Richard Mlynarik Reply:

    CHSRA is far, far better run than Muni.

    Fascinating theory.

    Who conceived, promoted, “designed” and is raking in the payola for the Muni Central Subway? PBQD.
    Who is running CHSRA? PBQD.

    J. Wong Reply:

    Half a billion? They don’t really need to tunnel here, but cut-and-cover or maybe even an open trench could be used. There’s no bedrock just sand.

    synonymouse Reply:

    Saving Presidio Yard is much more important.

  7. synonymouse
    Apr 2nd, 2014 at 18:50
    #7

    And some protesters upchucked onto a Google bus.

    http://blog.sfgate.com/techchron/2014/04/02/protesters-block-vomit-on-yahoo-bus-in-oakland/

    Goggle have to be some kind of masochists. I’d just relocate to a nice place, like San Diego.

    Cleveland would give them the key to the town.

    aw Reply:

    If you had bothered to read the headline of the story you linked to, you would know that the protesters upchucked onto a Yahoo! bus, not a Google bus. Incongruously, their tweets used the hashtag #googlebus.

    synonymouse Reply:

    You’re sooo right. I guess all social media and search engine outfits are lumped together in my mind. I assume Yahoo! cannot afford SF.

    joe Reply:

    Pulaski Indiana welcomes you.

    EJ Reply:

    San Diego wouldn’t kiss Google’s ass the way the Bay Area does. For better or for worse, down here we’re locked into the military/industrial complex.

    John Nachtigall Reply:

    dont fool yourself, if Google proposed a campus with a 1000 engineers, there is no city in the country that would not kiss their ass. Even a data center would elicit fawning on the order of the Pretty Woman shopping scene.

    Ted Judah Reply:

    Define “kiss their ass”.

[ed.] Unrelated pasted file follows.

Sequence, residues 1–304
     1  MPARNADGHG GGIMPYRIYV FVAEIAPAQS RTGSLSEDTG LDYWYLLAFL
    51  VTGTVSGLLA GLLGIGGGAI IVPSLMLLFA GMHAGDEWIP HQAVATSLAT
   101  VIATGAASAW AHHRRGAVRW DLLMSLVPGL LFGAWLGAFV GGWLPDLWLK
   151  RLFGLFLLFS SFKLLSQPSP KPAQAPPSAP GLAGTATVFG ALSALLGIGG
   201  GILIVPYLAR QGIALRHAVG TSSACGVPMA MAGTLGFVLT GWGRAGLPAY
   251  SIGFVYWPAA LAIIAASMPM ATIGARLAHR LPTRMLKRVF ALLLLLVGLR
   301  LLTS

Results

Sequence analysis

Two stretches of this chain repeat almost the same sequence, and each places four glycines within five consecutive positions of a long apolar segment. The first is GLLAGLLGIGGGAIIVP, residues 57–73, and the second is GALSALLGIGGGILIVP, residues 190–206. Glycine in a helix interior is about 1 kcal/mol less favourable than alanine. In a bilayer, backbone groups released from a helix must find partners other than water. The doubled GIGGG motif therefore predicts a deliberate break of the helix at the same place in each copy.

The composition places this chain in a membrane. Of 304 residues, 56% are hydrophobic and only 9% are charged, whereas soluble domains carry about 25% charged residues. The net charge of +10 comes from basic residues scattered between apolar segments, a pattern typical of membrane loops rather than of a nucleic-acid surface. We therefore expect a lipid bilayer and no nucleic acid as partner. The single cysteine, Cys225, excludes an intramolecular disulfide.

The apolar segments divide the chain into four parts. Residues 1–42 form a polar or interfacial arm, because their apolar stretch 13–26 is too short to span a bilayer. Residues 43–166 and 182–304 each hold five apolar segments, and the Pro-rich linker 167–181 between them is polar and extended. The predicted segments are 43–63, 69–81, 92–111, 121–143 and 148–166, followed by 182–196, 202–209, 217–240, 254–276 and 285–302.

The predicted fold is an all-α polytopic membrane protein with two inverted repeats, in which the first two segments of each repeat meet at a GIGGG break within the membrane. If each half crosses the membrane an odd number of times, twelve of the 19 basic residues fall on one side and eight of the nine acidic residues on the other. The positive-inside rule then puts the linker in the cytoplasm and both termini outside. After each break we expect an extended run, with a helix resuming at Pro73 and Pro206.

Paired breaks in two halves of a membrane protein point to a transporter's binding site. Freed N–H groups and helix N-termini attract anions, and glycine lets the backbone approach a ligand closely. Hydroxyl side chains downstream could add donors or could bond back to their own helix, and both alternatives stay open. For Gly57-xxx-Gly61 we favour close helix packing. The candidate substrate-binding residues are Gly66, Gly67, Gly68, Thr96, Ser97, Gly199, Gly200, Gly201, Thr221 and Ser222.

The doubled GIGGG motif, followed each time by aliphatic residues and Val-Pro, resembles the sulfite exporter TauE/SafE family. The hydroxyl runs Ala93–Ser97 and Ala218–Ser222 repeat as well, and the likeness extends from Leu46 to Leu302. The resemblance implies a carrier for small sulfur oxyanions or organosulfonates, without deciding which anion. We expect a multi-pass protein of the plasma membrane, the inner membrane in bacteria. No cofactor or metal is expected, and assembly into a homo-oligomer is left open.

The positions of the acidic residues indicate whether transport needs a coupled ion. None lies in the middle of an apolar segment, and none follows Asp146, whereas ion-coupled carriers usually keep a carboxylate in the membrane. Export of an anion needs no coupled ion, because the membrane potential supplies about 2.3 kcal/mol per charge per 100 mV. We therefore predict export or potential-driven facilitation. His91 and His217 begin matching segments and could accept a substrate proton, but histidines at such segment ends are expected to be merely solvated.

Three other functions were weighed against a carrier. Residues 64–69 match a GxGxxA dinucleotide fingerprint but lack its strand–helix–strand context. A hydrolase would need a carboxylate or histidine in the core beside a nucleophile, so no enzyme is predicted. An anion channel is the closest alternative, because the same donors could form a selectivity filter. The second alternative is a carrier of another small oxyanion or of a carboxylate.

Any city would be supportive and positive about Google adding jobs but I would agree some cities would be far more aggressive than others. The structure of local government in Silicon Valley is such to where Cupertino, Mountain View, etc, are very dependent on one or two big employers. Seattle, Houston, San Diego, Boston, maybe not.

    Derek Reply:

    Enlightened cities that realize that mixed-use is much more tax-efficient than sprawl might not be so accommodating of a single-use corporate campus. Google in San Francisco, for example, shares an office building with other tenants.

    John Nachtigall Reply:

    Name 1 city in the US that is going to do anything other than enthusiastically offer 100% support including tax breaks and other perks to get 1000 white collar, high paying, non-polluting jobs even if they want to build a single use sprawling campus.

    What city turns that down

    Derek Reply:

    I already did. Good luck getting SF to approve and subsidize a sprawling campus in SoMa or the Financial District. In the Tenderloin, maybe.

    John Nachtigall Reply:

    nope….already sold their soul, would gladly do it again

    http://sfpublicpress.org/news/2013-11/twitter-other-tech-companies-get-sf-tax-breaks-but-show-little-progress-hiring-in-neighborhood

    Derek Reply:

    Nope, not a campus.

    Joe Reply:

    And a campus would not help.